References vs Bibliography

What are they?

References usually come at the end of a text (essay or research report) and should contain only those works cited within the text. So, use the term 'References' to cover works cited, and 'Additional Bibliography' to refer to works read as general background.

A Bibliography is any list of references at the end of a text, whether cited or not. It includes texts you made use of, not only texts you referred to in your paper, but your own additional background reading, and any other articles you think the reader might need as background reading.

Both Refs. & Bibliog. must be in alphabetical order; and each entry must be laid out in a strictly ordered sequence. Examples:

Cuba, L. (1988) A Short Guide to Writing in the Social Sciences.

London: Scott Foresman.Chs. 2, 4 & 6.

Friedman, S. & S. Steinberg (1989) Writing and thinking in the

Social Sciences.Englewood Cliffs, NJ: Prentice Hall.

Hamp-Lyons, L. & K. Courter (1984) Research matters. Rowley,

Mass.: Newbury House.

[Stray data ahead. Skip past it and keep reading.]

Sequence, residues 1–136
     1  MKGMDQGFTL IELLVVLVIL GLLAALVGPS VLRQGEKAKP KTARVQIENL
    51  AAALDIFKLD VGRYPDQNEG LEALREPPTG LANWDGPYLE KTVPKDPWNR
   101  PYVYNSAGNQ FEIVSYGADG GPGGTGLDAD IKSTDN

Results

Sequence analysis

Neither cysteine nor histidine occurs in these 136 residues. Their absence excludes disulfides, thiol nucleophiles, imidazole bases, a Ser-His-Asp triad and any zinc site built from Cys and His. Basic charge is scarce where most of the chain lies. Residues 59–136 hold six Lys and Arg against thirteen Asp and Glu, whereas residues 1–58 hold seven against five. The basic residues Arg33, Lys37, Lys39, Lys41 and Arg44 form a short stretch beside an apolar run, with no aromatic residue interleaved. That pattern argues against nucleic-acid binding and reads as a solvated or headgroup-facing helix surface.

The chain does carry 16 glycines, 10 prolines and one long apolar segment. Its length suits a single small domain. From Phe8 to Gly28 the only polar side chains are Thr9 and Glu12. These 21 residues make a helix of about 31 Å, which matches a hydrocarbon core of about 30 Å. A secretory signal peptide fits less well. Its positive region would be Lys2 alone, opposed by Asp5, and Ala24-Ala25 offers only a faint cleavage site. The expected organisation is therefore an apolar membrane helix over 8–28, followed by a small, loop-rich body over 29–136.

Ivanic, R. & J. Simpson (1992) Who's who in academic writing?

In N. Fairclough (Ed) Critical Language Awareness.
London: Longman. 141-17

How do you compile a bibliographic entry?

A bibliographic entry is a 'reference' which offers readers a standard set of information that will enable them to either
  • find the cited source in a library, or
  • order it through a library or bookshop.
The information varies according to the type of source. We look at the 3 main sources:

Note: There are many variations of format, even within the same discipline. Browse through the back pages of different journals to get an idea. Our advice is to choose a system you like - or your teachers prefer - and use it consistently.

In Academic Grammar, we use a simplified version of the 'house style' most common to the Social Sciences: the American Psychological Association, or APA, for all of our formats, as illustrated previously.
A typical book entry would be as follows:
Hamp-Lyons, L. & K. Courter (1984) Research matters. Rowley, Mass.: Newbury House.

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